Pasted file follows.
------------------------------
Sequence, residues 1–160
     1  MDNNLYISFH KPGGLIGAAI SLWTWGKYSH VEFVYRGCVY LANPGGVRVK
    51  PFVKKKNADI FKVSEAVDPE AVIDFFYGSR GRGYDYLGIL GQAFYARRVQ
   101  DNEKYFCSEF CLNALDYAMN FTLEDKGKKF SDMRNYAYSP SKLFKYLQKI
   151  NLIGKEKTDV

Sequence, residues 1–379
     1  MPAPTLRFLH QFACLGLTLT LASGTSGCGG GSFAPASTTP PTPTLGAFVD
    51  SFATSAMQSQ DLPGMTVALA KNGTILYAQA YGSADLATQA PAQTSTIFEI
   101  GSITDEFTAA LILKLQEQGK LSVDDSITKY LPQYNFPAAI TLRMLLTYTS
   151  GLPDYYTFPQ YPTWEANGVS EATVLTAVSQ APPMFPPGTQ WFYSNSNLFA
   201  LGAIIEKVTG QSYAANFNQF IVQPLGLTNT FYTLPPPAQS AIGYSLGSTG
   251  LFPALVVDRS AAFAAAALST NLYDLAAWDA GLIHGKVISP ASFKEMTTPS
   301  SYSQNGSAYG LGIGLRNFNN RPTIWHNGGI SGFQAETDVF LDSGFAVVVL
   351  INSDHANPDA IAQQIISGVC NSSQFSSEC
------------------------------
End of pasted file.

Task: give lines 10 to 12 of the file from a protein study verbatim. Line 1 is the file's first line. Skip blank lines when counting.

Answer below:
   151  GLPDYYTFPQ YPTWEANGVS EATVLTAVSQ APPMFPPGTQ WFYSNSNLFA
   201  LGAIIEKVTG QSYAANFNQF IVQPLGLTNT FYTLPPPAQS AIGYSLGSTG
   251  LFPALVVDRS AAFAAAALST NLYDLAAWDA GLIHGKVISP ASFKEMTTPS